Monday, March 26, 2012



Although I normally ignore or beat to death touts, sometimes a bus journey is just too taxing for me. When I arrived in Pokhara, I was feeling pretty 'done in'.

Steeping off of the bus, I was immediately surrounded by drivers yelling '150 rupees' for a ride into town. The town isn't all that far away. So then I started yelling back 'do I hear 100?'. They don't really seem to get the concept of 'auction' here. They tried telling me it was a 'fixed rate'. If you hear the term 'fixed rate' in Asia, you can be sure whoever is telling it to you is a big fat liar.

Due to being wildly inept at haggling, most tourists end up going with a fixed rate. "Can we do something about the price?" No, that doesn't ever work. Laughing and saying "Oh hell no - how many people have fallen for that crap?" - better.

So I found a guy that wanted to take me to his hotel and I made him a deal. If I liked and stayed at his hotel, I would pay nothing. If I didn't like it, he would take me somewhere else and I'd pay 100 NRS. Fixed rate my ass.

The hotel he ended up taking me too was pretty decent and at 500 NRS was within my price range. For those too lazy to convert money, that is about $6.50 USD. Naturally, the cab driver wanted to charge me 100 NRS anyway. I just laughed and said "Sorry, we made a deal. Break a deal and face the wheel." And I closed my new room door on him. He went away. Once you make a deal always stick with it - even if it is not a good deal for you. It's integrity.

I was at U&I Guest House for two days. Not a long time but I spent a lot of it looking for better internet. The internet in Nepal really sucks. The average download speed is half of Cambodia's. And yes, Cambodian internet also blows. The room was nice at U&I - kind of homely. Their laundry was over the top expensive but I bargained it way down to a reasonable cost. Their restaurant is massively expensive - about triple the normal price. I don't get that.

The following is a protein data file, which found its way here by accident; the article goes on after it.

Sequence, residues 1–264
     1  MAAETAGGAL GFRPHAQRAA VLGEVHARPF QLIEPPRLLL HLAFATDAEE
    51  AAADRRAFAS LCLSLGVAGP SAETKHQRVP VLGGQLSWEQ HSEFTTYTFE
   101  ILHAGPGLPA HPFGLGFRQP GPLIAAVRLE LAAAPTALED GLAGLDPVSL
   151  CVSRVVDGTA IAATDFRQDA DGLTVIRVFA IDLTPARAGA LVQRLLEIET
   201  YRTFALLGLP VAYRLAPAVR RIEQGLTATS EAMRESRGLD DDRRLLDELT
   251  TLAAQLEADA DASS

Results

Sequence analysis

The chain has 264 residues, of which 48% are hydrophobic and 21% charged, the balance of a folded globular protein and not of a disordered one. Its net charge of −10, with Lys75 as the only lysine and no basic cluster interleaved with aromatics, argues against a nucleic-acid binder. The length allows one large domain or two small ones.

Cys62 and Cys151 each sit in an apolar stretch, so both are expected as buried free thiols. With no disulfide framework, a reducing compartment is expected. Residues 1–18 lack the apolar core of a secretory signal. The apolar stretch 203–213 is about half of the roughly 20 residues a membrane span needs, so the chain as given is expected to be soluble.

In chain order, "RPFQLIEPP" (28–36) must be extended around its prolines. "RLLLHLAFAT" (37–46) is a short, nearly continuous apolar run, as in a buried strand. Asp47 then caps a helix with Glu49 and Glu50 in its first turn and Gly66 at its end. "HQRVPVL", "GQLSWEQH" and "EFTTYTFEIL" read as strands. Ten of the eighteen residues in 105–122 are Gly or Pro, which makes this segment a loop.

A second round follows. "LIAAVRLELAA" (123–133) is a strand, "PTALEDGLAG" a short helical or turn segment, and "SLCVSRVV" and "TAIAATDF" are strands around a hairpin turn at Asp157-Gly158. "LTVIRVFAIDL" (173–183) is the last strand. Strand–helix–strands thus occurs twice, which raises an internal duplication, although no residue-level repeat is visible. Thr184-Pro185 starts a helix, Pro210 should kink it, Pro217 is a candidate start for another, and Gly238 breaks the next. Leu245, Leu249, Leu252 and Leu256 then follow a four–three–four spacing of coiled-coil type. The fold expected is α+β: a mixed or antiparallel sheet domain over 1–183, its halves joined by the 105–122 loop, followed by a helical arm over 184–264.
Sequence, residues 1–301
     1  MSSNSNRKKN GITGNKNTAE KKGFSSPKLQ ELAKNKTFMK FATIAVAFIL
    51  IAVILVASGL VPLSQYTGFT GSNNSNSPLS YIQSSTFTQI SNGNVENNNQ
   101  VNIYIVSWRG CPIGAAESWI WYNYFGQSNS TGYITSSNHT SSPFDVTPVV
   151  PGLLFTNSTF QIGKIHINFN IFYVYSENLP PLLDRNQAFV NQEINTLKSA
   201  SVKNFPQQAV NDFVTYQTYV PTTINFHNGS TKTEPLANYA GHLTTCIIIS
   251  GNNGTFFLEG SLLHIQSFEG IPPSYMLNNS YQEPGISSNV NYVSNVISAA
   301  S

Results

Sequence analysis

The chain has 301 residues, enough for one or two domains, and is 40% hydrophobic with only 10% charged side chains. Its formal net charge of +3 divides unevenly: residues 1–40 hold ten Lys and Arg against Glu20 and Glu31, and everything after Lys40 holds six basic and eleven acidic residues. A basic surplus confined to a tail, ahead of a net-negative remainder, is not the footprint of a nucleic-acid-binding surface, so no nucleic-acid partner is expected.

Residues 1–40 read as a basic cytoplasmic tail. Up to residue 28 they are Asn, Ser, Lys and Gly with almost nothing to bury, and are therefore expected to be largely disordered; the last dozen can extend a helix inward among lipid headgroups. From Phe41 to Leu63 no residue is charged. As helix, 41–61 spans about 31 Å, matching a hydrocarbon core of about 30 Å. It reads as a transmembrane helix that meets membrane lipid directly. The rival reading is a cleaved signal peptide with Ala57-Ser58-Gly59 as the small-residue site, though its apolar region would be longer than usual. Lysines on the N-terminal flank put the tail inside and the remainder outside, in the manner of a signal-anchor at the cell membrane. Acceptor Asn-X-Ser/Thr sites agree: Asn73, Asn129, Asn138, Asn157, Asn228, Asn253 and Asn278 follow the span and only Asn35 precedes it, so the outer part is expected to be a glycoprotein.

While I was looking for a new place to stay I stumbled upon an interesting hotel called "Fishtail Lodge". It is the kind of place you have to get poled or paddled across the lake to get to. Rooms there will set you back about $200 per night. I'm not joking. The outside of it is scenic enough that any man would be proud to take his new bride there on the honeymoon. I didn't bother to go see the rooms. The exterior I would actually call 'stunningly beautiful' and I am not normally given to hyperbole on my hotel descriptions.

So, I began to settle in. I am learning the prices of things. Sometimes when I go into a store the merchant begins to moan 'Nepali prices' in dismay. I don't know if it is actually true but it is gratifying. Personally, I'm happy to be from a country that doesn't charge natives and foreigners different prices for the same crap. That annoys me.

The day after moving to the new place (Pokhara Guesthouse) I got to spend a few hours with the owner trying to figure out what was wrong with his internet. Given that both of us knew jack about computers, it was a frustrating time for everyone. The English of the people at the call center was insufficient for a phone conversation.


Understand that the natural beauty here means big tourism money. Since this is Asia, the natives and government will exploit it. I personally have no interest in hiking but I did meet two very nice people (Erik and Pamela) who needed to go through the process to get their papers for it. I wanted to put down what you need and the costs in case people have an interest in hiking here.

You need four passport photos and your passport. Sure, it is technically illegal to wander around without your passport but a surprising number of people do anyway. Yes, you should always keep a bunch of passport photos on you at all times for border crossings and paperwork but again a surprising number of people don't bother. If you need to buy them, they had three or four places literally a stone's throw away. The photos are a modest 300 NRS for four.